16. Whereas, the said Notification of the Ministry dated 23rd October, 2020 provides the manner for exercise of Right of First Refusal. 

17. Whereas, the said Notification of the Ministry dated 23rd October, 2020 provides that all vessels flying the flag of India (i.e. registered in India) up to the date of issue of new circular by the Director General of Shipping shall be deemed to be Indian built vessels and will fall in category (i) of the RoFR hierarchy given under Para 7 of the said Notification.

18.       Whereas, in view of the above background a need has been felt to review the guidelines on Right of First Refusal under Shipping Development Circular 02 of 2002 and Shipping Development Circular No 02 of 2019 (now withdrawn), to balance the interests of the shipping and ship building industries keeping in view of the policy of the Government to make India, Self-Reliance India [Atma Nirbhar Bharat) in maritime sector.

19.       Now therefore in exercise of powers conferred under Section 406 and 407 of the Merchant Shipping Act, 1958, the Director General of Shipping, in supercession of previous guidelines relating to chartering and licensing of the vessels, is pleased to issue the following guidelines, for Right of First refusal in chartering or engagement of foreign flag vessels.

20.  Chartering or engagement of foreign flag vessels done through tendering process, for all types of requirements: -

20.1.    The chartering/engagement of vessels through “tender process” as mentioned above shall only be applicable for open/global tenders and chartering/engagement by other means shall be considered as “chartering/engagement through non-tender processes”. The “tender process” shall be considered valid within the following definition:

20.1.1. Tenders shall be open or global tender, for which a tender advertisement has been duly published in a national or international newspaper or commercial websites or website of the agency/organization/company floating the tender;

20.1.2. Tender contains technical specifications and commercial terms and conditions of the vessel provided in the tender advertisement. If there is a dispute relating to technical specifications of the vessel given in the tender advertisement, the matter may be referred to DGS for decision as to whether the Indian vessel with a slight difference in specifications should be chartered/engaged, and not the foreign flag vessel. As far as practicable, this decision will be taken after discussion with the concerned parties.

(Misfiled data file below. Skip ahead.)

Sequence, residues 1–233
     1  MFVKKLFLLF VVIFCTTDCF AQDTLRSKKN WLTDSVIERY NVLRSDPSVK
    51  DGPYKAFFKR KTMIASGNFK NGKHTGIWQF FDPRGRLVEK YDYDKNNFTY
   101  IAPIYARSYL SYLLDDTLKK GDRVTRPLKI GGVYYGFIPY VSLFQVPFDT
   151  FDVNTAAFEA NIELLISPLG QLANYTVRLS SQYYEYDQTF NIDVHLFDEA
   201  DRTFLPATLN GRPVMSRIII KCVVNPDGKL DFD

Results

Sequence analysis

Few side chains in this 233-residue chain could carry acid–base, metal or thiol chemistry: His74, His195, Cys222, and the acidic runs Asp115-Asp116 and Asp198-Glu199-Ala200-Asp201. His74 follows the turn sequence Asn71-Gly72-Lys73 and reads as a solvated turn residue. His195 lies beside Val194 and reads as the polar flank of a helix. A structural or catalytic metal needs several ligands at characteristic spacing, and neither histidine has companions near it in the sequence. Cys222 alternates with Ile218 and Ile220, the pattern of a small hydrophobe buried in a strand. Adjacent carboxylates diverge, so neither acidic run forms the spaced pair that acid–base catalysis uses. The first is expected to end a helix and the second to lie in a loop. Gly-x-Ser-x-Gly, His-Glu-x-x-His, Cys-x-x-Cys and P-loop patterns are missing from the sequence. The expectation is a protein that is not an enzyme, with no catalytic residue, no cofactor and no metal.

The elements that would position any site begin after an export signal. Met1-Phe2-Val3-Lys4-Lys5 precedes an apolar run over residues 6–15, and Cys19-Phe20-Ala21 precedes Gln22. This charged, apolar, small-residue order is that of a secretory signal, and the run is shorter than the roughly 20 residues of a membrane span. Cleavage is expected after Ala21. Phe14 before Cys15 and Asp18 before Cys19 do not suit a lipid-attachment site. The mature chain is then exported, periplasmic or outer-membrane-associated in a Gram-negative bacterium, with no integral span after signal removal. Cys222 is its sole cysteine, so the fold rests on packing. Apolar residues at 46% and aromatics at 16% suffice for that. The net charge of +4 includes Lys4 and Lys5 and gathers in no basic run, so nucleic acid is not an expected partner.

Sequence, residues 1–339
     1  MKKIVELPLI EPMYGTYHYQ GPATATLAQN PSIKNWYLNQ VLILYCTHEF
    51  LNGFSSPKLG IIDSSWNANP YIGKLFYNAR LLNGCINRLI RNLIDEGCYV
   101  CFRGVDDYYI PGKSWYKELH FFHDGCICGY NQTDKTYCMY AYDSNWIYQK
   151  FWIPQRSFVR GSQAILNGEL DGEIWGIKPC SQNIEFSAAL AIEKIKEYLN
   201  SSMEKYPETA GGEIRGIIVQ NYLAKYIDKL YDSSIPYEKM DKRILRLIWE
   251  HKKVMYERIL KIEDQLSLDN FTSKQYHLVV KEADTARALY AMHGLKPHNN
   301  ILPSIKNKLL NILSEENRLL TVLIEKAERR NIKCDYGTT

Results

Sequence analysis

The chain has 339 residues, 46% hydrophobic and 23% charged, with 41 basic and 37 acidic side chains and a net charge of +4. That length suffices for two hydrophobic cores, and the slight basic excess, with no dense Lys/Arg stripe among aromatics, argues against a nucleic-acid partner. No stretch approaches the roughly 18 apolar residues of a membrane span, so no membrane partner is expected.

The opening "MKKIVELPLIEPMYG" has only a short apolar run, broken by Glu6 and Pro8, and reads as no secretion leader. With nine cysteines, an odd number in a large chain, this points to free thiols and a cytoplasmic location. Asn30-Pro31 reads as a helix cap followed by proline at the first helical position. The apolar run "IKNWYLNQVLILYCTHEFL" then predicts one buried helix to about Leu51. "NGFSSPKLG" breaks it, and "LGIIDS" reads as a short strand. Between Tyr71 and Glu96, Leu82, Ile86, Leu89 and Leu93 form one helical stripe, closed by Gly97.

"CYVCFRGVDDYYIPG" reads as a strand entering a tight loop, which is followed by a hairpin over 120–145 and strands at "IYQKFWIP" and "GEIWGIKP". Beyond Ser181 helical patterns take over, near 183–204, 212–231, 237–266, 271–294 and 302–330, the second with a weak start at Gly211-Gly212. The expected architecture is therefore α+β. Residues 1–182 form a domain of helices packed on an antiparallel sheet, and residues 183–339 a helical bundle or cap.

21.       Right of First Refusal: “Right of first refusal" is a right which accrues to a bidder in a tendering process, who offers a vessel from the category listed at Para 21.3.4, subject to his matching of the lowest rate offered by a bidder who offers a vessel not listed under Para 21.3.4. The order of preference for right of first refusal will be as indicated at para 21.3.4.  This right is conferred based upon the practices of the industry, and the deliberate intention of the Central Government towards encouragement and development of the Indian ship-building industry and the Indian shipping industry.

21.1. Unless the vessel offered is successful in the evaluation of technical bid, the bidder concerned will not be eligible to exercise the Right of First Refusal under this circular.

21.2. Whenever charter/engagement of vessel is undertaken through a tender process specified in Para 20, the provisions of these guidelines are required to be incorporated. Whether the guidelines have been incorporated in any tender or not, the said guidelines would be deemed to have been incorporated as a part of the tender documents.

21.3.     The instances under which the RoFR may be exercised are:

21.3.1. The L1 bidder is a Foreigner or an entity registered outside India, offering a vessel not listed at Para 21.3.4.

21.3.2. The L1 bidder is a Citizen of India OR company registered in India OR Society registered in India with a vessel not listed at Para 21.3.4.

21.3.3. From amongst the bidders eligible to exercise RoFR, the priority to exercise this Right would lie in sequence mentioned in Para 21.3.4 below and in case more than one bidder is available in a particular category, then from the lowest to the highest bidder within the margin of purchase preference. The exercise of RoFR would cease as soon as an eligible bidder in order of priority matches L1. The first priority would be given to any bidder who offers an Indian built, Indian flagged and Indian owned vessel. In the absence or unavailability of Indian built, Indian flagged and Indian Ownedvessel, the RoFR will move to Foreign built, Indian flagged, Indian owned vessel and then to Indian built, foreign flagged and foreign owned vessel.